‘Nagaland needs own High Court’

Dimapur, December 30 (MExN): Expressing discomfiture that even after more than 45 years of statehood, Nagaland state has yet to have its own high court, the Nagaland Bar Association demands one. Making particular reference to the forthcoming assembly elections, the association also insists that “enlightened” political parties keep the matter in their political agendas.

The legal representatives also reiterate the need for separation of the state from the judiciary and a revamp of the latter as well.   “Nagaland is a matured state as compared to the young states like Sikkim, Goa, Chhattisgarh and Jharkand; however all these states have their respective high courts and a well streamlined hierarchy in the subordinate judiciary” pointed out a statement issued by the association’s executives. But Nagaland has yet to get one: “Even after more than 45 years of statehood, Nagaland is far below other states in the country so far as judiciary is concerned” the association lamented.

The government was also held responsible for the lapse and the lack: “…it appears that the people in the helm of the government continue to remain in slumber under the so-called 16 point Agreement.” The legal representatives expressed strong displeasure at the attitude of the policy-makers and executives in the state “towards the judiciary.” To the state’s policy-makers and executives the association had this word: Nagaland lacks nothing compared to the younger states so far as the need for a separate high court for the state is concerned.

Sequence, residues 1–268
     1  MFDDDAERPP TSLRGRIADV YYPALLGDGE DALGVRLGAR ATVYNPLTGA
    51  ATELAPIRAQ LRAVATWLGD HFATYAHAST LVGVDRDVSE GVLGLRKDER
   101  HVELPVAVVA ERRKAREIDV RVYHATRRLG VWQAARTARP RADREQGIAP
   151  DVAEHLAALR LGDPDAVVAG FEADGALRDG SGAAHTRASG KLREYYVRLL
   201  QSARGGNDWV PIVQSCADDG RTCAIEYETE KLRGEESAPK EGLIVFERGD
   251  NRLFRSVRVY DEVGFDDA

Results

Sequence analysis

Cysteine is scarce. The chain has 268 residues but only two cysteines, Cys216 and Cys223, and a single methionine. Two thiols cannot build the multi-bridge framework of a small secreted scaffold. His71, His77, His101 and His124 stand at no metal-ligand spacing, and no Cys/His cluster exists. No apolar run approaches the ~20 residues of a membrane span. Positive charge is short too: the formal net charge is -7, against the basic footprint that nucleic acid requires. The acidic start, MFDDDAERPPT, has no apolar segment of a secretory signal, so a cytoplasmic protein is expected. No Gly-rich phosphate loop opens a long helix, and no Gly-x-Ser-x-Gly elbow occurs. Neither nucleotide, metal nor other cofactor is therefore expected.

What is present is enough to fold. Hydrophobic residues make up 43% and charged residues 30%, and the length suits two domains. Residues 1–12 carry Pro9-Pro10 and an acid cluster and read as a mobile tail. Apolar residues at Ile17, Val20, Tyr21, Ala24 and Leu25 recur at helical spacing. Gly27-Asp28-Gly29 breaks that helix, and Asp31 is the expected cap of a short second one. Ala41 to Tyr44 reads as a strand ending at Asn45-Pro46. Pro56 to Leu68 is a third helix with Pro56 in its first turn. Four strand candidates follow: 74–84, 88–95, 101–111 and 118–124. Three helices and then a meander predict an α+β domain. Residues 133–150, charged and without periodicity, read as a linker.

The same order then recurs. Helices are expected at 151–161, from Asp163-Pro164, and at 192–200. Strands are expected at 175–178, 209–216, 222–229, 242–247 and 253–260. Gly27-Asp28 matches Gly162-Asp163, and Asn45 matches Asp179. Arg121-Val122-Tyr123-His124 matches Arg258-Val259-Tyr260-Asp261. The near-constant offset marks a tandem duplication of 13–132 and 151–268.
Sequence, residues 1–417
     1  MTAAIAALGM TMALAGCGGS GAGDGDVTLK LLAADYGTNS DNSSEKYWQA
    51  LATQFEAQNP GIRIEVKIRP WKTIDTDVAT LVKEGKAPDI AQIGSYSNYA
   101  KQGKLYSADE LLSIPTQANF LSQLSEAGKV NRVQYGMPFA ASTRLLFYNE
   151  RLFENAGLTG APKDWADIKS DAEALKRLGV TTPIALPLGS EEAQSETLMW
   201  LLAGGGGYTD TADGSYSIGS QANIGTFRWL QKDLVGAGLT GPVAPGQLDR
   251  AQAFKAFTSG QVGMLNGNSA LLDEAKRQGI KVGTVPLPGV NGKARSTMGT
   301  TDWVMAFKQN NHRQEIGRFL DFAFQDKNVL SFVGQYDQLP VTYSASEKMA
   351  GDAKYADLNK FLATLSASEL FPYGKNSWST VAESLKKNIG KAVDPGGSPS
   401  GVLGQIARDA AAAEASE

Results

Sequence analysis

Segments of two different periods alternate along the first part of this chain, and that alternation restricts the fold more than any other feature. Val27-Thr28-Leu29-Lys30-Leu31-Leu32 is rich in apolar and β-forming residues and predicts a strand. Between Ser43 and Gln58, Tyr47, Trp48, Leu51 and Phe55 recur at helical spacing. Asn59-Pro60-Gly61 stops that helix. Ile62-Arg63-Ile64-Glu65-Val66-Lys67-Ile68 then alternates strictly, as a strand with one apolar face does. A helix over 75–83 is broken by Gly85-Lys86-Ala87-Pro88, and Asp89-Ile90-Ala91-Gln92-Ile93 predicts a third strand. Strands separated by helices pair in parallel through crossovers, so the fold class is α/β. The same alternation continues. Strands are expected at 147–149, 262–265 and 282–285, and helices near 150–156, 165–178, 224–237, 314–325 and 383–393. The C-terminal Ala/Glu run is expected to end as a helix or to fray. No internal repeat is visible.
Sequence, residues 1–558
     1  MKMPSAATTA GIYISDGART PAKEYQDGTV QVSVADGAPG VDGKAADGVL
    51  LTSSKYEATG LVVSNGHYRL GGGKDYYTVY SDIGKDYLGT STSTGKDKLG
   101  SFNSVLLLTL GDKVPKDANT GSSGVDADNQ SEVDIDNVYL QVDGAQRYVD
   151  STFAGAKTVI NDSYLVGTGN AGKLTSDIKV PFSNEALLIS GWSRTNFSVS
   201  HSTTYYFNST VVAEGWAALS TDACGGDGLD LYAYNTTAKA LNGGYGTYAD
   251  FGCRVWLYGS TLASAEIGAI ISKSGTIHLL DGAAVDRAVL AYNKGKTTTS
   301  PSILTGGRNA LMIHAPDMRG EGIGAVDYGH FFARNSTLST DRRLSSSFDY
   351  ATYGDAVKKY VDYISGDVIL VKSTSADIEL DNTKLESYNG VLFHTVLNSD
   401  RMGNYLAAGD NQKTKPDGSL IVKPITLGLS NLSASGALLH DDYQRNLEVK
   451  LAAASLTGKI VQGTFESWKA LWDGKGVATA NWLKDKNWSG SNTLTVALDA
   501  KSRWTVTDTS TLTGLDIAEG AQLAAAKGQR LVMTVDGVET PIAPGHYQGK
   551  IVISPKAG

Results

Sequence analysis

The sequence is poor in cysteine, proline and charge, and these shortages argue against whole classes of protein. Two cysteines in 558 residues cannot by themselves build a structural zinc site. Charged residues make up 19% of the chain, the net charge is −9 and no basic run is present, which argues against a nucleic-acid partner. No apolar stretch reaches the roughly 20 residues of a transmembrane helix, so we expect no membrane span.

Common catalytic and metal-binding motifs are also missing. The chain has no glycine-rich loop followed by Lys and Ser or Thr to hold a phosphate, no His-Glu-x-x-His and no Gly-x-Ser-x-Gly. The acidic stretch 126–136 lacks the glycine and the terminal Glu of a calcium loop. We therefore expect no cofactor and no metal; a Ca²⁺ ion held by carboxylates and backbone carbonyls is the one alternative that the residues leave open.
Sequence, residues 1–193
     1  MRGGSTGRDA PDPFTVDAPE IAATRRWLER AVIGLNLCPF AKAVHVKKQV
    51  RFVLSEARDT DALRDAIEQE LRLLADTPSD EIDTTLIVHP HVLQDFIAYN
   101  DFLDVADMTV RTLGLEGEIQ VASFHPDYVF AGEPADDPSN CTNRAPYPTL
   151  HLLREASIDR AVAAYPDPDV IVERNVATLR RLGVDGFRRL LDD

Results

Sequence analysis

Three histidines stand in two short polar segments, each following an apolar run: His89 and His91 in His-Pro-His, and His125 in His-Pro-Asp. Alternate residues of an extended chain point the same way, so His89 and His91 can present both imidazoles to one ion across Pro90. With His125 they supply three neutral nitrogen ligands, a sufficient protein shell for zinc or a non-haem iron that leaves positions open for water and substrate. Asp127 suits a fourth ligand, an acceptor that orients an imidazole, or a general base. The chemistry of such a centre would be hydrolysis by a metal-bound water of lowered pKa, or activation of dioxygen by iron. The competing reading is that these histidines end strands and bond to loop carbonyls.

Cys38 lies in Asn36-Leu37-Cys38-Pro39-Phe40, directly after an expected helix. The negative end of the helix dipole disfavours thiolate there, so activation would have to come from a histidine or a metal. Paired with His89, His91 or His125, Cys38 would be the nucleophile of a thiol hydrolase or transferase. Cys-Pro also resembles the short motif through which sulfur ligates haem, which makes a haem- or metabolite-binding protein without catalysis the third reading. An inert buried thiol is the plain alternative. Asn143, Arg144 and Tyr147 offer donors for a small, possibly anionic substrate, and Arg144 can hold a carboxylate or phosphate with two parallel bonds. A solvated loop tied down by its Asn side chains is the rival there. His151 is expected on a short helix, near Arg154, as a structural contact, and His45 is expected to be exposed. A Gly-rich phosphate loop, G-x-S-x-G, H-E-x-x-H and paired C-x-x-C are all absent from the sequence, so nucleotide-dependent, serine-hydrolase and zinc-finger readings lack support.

The association submitted a number of arguments why a high court for the state is the need of the hour:  In the subordinate judiciary, creation of session divisions in each district is imperative to be manned by district and session judges and other judges. Other then the constitutionally established courts, even the customary courts down to the village courts need “protection” for independent discharge of its judicial functions. The Gaonburas (GBs) are also affected, the association made clear. “The Gaonburas who have judicial powers under the rules are appointed in various wards, colonies…are left in a mist for lack of statutory recognition of these local bodies so far as the administration of justice in these urban areas local areas are concerned” it explained. The urban local areas are normally looked after by their respective voluntary governing bodies in which the GBs in concern are also members. 

“The need of a separate high court, the need of the separation of judiciary from the executive and the need to revamp the judiciary in the state are the concerns for the entire societies. It is highly expected the enlightened political parties should come forward with their political agenda as to match the state at par with other (states) of the country, and for the purpose, the bar also does not exclude the bureaucrats in the state for this (responsibility).”